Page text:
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In New York, getting compensation after a sidewalk trip and fall is a complicated process that depends on understanding a variety of different factors, including who was responsible for maintaining that portion of the sidewalk, the reason for the accident and when it occurred. An experienced New York sidewalk trip and fall accident attorney will know how to identify the responsible party and the proper procedure for bringing a claim and recovering a full and fair amount of compensation. If you have been injured in a trip and fall on a dangerous or negligently maintained New York City sidewalk, call the law office of Leandros A. Vrionedes, P.C., for a free consultation.
A trip and fall on a New York City sidewalk can range from the embarrassing to the seriously harmful. A trip and fall victim could break an ankle, wrist or arm or suffer severe cuts and bruising to the face. In the worst cases, a head injury such as a concussion or other traumatic brain injury could result.
Trip and fall accidents don’t happen for no reason. Property owners are responsible for maintaining sidewalks in a safe condition, but New York City sidewalks abound defects due to negligent construction, faulty repair and lack of maintenance. Some of the leading causes of trip fall accidents in NYC include:
In New York City, the liability to maintain sidewalks safely is governed by section 7-210 of the NYC Administrative Code. According to this law, property owners are responsible for maintaining the section of sidewalk that abuts their property. This provision applies to both commercial and residential landowners. However, the City accepts responsibility for sidewalks abutting single-family homes as well as two and three-family homes, so long as they are at least in part owner-occupied and are exclusively used for residential purposes. The City is also responsible for sidewalks abutting municipal government property.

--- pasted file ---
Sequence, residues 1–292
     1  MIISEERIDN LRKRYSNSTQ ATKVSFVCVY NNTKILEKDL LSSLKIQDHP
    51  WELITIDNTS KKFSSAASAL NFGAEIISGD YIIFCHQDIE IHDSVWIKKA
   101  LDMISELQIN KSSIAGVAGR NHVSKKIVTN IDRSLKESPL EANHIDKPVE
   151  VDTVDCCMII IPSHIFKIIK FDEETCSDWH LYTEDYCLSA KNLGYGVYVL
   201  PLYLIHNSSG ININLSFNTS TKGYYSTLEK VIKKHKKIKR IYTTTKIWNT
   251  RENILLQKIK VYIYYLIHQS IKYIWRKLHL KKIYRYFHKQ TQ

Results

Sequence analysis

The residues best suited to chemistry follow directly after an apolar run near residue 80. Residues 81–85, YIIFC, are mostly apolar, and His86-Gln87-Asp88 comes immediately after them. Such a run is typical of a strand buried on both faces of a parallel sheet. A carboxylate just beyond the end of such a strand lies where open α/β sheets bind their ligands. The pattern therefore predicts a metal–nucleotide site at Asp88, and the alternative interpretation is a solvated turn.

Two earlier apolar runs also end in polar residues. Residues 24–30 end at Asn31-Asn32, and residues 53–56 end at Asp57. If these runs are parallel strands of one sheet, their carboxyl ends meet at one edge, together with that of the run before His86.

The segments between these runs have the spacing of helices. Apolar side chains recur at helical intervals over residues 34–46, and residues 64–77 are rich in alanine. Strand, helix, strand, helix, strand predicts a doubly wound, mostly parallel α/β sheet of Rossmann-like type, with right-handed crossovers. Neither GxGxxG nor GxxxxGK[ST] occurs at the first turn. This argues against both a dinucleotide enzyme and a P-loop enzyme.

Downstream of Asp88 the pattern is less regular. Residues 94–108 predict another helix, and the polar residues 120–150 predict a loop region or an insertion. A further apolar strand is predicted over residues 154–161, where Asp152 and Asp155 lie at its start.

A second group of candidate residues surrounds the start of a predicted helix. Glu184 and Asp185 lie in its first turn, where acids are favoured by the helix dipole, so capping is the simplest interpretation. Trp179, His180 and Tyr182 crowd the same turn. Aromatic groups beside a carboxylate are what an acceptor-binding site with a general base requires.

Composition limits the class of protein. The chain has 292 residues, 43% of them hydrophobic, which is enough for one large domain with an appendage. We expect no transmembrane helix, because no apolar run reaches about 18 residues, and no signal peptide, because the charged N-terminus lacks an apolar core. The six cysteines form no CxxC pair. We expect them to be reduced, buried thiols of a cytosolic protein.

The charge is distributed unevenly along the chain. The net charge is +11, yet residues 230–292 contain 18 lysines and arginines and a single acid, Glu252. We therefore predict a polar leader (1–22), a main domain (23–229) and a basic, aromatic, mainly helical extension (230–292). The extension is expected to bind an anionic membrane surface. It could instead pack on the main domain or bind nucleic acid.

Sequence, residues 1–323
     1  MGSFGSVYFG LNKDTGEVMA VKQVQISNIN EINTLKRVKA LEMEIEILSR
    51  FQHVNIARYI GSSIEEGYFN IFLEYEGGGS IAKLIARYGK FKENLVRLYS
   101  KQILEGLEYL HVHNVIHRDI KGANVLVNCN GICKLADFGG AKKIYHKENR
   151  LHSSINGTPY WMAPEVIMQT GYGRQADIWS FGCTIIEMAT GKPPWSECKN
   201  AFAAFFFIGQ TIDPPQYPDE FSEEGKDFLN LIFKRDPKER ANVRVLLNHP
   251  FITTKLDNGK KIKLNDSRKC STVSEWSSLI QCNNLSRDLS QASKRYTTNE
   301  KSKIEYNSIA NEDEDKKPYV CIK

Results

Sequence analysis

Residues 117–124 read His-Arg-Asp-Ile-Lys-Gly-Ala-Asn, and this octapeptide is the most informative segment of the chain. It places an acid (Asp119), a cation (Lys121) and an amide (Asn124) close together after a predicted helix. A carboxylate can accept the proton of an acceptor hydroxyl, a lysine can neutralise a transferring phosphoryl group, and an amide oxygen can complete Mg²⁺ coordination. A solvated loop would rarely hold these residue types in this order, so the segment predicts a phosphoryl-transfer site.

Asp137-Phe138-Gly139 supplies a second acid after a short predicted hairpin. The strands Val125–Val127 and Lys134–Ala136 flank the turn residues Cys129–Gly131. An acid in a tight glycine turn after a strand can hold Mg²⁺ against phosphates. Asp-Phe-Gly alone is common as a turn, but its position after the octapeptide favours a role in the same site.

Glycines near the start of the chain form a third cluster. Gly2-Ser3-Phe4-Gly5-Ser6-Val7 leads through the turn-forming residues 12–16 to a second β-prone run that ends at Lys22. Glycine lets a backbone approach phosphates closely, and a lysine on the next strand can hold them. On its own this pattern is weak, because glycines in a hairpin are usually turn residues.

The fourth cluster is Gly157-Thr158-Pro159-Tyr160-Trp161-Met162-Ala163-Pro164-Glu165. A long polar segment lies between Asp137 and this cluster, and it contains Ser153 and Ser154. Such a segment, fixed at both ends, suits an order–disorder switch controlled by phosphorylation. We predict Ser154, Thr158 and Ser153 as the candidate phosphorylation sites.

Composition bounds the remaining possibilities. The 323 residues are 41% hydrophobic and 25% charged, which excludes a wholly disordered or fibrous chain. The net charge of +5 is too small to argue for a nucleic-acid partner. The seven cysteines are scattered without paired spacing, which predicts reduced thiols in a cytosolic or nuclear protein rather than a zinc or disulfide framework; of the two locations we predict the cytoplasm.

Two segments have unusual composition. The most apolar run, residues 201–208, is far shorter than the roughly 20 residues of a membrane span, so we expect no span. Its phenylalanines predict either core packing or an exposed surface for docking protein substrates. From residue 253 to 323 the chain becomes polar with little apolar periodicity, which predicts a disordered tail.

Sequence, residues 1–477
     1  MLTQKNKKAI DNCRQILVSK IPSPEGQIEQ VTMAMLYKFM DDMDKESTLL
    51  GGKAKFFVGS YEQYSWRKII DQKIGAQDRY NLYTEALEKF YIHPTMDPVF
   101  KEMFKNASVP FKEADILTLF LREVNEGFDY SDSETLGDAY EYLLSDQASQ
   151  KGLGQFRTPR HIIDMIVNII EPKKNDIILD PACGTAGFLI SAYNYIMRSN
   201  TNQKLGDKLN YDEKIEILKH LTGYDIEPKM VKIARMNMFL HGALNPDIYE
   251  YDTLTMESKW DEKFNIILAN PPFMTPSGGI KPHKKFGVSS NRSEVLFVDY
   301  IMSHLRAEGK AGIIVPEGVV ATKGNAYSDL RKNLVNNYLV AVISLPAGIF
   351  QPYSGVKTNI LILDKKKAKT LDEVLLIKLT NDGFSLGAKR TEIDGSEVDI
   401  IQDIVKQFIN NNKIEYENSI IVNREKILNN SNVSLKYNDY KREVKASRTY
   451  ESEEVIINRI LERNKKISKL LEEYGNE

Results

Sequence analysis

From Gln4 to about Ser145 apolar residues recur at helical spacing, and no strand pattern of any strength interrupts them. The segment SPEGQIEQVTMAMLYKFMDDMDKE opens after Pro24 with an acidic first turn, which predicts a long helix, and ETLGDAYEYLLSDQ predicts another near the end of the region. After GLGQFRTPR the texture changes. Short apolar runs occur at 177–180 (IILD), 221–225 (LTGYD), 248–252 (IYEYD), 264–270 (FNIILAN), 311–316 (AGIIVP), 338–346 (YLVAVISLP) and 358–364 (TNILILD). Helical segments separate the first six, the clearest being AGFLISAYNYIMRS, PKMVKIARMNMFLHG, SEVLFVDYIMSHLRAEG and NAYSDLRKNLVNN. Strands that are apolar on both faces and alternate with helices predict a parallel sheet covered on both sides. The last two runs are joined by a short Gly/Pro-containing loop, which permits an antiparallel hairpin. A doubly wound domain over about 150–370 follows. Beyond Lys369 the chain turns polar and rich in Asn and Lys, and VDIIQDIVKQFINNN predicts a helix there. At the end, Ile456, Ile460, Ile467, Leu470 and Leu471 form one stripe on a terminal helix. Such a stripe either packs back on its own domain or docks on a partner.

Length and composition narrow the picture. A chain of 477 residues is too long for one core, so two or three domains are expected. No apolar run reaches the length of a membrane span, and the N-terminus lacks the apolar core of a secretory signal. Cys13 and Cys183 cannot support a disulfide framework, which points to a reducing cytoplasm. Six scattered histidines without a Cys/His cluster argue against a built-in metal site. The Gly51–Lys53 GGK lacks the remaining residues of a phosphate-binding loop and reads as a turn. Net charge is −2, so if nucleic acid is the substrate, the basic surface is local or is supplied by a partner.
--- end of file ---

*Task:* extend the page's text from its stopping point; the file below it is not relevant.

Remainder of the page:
Business and commercial property owners and landlords, including owners of one, two or three-family homes that are not owner-occupied, are therefore responsible for maintaining the sidewalks abutting their property in a reasonably safe manner. However, the City could still be liable for accidents that occur on these sidewalks if the City itself caused or created the defect, such as by damaging the sidewalk during the negligent repair of a fire hydrant.
Identifying the responsible party is a critical part of obtaining compensation for injuries after a sidewalk trip and fall. Not only is it necessary to bring a claim against the proper party, but timelines and procedures can be vastly different depending on who is at fault. For example, you may have up to three years to bring a claim against a business but only one year when the City is the proper party. Also, bringing a claim against the City may require you to notify the City of your potential claim as soon as 90 days after the accident.
To prove liability in a sidewalk trip and fall, the injured party must be able to prove the owner created the danger or had actual or constructive knowledge of the condition. Constructive knowledge means that the hazard existed long enough that the owner should have known about it. However, many New York towns and villages have “prior written notice statutes” in place that exempt the municipality from liability on a constructive notice basis. In these communities, the city is only liable if it received actual written notice about the danger yet failed to correct it before the accident occurred. These municipalities could still be liable if they created the defect through their affirmative negligence, or if some special use of the property conferred a special benefit on the village or town. Talk to a knowledgeable and experienced New York sidewalk accident attorney to evaluate the strength of your claim based on these factors.
Take pictures of the sidewalk defect as well as the building abutting the property, so that the owner’s liability will be clear. Pictures could be especially important if the hazard were a temporary condition, such as equipment or debris left on the sidewalk. Also, talk to any witnesses who saw that you were walking normally and watching where you were going, and who can testify that the danger was not obvious. See a doctor as soon as you can to help identify any injuries and document that the sidewalk defect caused the injury. Also, call a lawyer as soon as possible to secure evidence before it disappears and make sure important deadlines are met.
Insurance companies are quick to challenge your injuries as less than serious or claim that your own negligence is to blame. If they do admit liability and offer you a settlement, it is likely to be far less than you are owed, hoping you’ll take their check and release your claim before you talk to an attorney and find out what your claim is really worth. Instead of falling for insurance company tactics and tricks, call the law office Leandros A. Vrionedes, P.C., at 212-889-9362. We offer a free consultation to learn about your claim and let you know how we can help. We only charge a fee after we are successful in recovering compensation for you, so call today.